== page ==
To me this seems like they are trying to get 737 to become a FBW one bug fix at a time, which is never a good approach.

It also puts into question any other two-sensor aircraft in revenue service.

And this should reawaken the poster who is sensitive to FAA ceding authority to EASA, TC, et al, for some pretty obvious reasons.

Yet this is all real politik, and if I were Boeing I would get out the drill for the hole for the 3rd AoA sensor and get on with it.

Every other option such as dicking around with synthetic airspeed to the point the regulators will accept it seems worse.

If the unofficial deadline is MAX-10 EIS, Boeing wants that end 2021 so you need a solution pretty much immediately.

Given how long it takes to get things done in aerospace, this very well could delay MAX-10 EIS.
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Re: Boeing 737MAX Grounding, General Discussion Thread, Q2 2020

Thu Jun 25, 2020 2:12 pm

frmrCapCadet wrote:
The NG had an almost enviable safety record. Unfortunately it went into Boeing's head(quarters) as prideful. With politics in their favor they took advantage of everyone in sight, no one was a stakeholder except overpaid executives and Wall Street. Screwed everyone. This time stockholders have been removed from that group. Only overpaid executives are stakeholders. Now all of the political winds are against Boeing, unfairly so in my estimation. But who, in their right mind, would give any benefit of doubt to Boeing. This is almost classical Greek Tragedy. With MCAS fixed I have read nothing which implies the admittedly out of date kludge of flight control on the NG or MAX would lead to accidents in the real world. This is somewhat admitted in this Seattle Times article, the plane can safely fly without all things being fixed immediately. And Canada is right, you should be able to turn off the GD stick shaker.

NG was the golden standard in 2000, no question about that. However, there were improvements since then - 787, 380 and 350 still have crispy clean fatality record, 777 is damn close to that.
DOes it make sense to drag naroowbodies to the same level of safety? Is it cost effective? And given a much larger cohort of pilots?
By the time last MAX retires, 737 line can easily celebrate 100 years...
 
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Re: Boeing 737MAX Grounding, General Discussion Thread, Q2 2020

Thu Jun 25, 2020 2:53 pm

frmrCapCadet wrote:
The NG had an almost enviable safety record. Unfortunately it went into Boeing's head(quarters) as prideful. With politics in their favor they took advantage of everyone in sight, no one was a stakeholder except overpaid executives and Wall Street. Screwed everyone. This time stockholders have been removed from that group. Only overpaid executives are stakeholders. Now all of the political winds are against Boeing, unfairly so in my estimation. But who, in their right mind, would give any benefit of doubt to Boeing. This is almost classical Greek Tragedy. With MCAS fixed I have read nothing which implies the admittedly out of date kludge of flight control on the NG or MAX would lead to accidents in the real world. This is somewhat admitted in this Seattle Times article, the plane can safely fly without all things being fixed immediately. And Canada is right, you should be able to turn off the GD stick shaker.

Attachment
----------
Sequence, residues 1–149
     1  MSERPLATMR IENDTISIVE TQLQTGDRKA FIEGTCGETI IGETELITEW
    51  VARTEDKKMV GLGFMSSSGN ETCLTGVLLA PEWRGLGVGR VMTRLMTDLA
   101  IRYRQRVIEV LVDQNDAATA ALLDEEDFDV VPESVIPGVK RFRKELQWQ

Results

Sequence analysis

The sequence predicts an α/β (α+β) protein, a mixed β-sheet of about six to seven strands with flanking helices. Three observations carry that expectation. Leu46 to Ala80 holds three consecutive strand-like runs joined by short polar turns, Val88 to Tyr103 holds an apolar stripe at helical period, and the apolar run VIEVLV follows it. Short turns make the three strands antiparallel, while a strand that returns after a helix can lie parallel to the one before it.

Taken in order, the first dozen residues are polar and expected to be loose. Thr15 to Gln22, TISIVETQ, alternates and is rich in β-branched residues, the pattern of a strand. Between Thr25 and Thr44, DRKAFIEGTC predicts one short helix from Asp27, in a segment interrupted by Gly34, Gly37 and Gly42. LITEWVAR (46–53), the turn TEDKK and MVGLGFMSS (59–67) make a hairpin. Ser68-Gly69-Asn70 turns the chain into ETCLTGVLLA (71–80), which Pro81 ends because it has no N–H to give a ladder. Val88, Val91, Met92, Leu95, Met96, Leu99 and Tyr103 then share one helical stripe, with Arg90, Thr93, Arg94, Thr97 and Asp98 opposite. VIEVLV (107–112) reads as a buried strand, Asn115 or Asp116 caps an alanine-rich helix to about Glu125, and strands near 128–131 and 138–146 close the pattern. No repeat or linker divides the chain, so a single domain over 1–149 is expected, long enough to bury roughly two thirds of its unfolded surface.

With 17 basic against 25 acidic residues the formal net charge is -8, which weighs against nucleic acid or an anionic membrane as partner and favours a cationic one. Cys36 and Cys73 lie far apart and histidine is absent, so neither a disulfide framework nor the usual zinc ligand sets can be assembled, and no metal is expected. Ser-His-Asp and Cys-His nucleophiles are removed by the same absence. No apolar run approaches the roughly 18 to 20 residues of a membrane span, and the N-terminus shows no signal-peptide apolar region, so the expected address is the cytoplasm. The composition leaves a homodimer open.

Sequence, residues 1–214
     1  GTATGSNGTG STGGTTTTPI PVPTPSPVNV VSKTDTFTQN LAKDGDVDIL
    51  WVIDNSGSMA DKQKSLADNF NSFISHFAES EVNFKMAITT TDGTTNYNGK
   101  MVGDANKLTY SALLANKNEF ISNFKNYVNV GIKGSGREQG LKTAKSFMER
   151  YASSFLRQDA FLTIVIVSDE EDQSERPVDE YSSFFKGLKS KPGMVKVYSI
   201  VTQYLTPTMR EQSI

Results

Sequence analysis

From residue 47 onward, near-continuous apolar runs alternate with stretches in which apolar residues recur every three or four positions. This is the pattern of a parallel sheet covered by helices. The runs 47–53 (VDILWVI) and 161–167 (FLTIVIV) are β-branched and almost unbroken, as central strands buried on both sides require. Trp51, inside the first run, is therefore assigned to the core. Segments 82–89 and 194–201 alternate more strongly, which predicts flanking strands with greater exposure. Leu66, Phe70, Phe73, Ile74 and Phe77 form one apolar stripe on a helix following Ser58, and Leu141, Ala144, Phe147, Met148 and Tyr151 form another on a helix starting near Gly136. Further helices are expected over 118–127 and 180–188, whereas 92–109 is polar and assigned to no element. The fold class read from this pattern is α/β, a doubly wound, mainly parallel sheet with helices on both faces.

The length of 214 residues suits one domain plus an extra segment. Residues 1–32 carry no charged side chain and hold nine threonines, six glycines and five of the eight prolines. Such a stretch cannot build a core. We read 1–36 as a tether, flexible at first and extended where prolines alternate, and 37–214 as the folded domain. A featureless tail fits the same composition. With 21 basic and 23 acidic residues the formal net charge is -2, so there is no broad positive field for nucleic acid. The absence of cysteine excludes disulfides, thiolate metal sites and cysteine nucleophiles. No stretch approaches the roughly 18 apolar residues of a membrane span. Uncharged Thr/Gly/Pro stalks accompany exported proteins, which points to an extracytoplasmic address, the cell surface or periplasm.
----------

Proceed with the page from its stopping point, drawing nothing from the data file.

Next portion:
I think the thing to do is have the regulations be the measuring stick. TFA says the changes requested by EASA and TC go beyond FAA regulations yet FAA is insisting they be followed. Fine, so update the regulations to reflect what is actually needed.

kalvado wrote:
NG was the golden standard in 2000, no question about that. However, there were improvements since then - 787, 380 and 350 still have crispy clean fatality record, 777 is damn close to that.
DOes it make sense to drag naroowbodies to the same level of safety? Is it cost effective? And given a much larger cohort of pilots?
By the time last MAX retires, 737 line can easily celebrate 100 years...

I think that is an interesting historical artifact. I recall statements that originally DC9, 737, etc were held to lower standards with regard to redundancy etc since the number of people on them and the distance they flew reduced the risk of major calamity. Well, now we have cross country 737 flights with 200+ pax on them yet the regulations didn't force Boeing to do major improvements in the flight control architecture from the original 737 till MAX.

Keep in mind most inter-continental travel started with narrow bodies (707, DC8, etc) so it's really not a wide vs narrow thing, it's more a pax + range thing.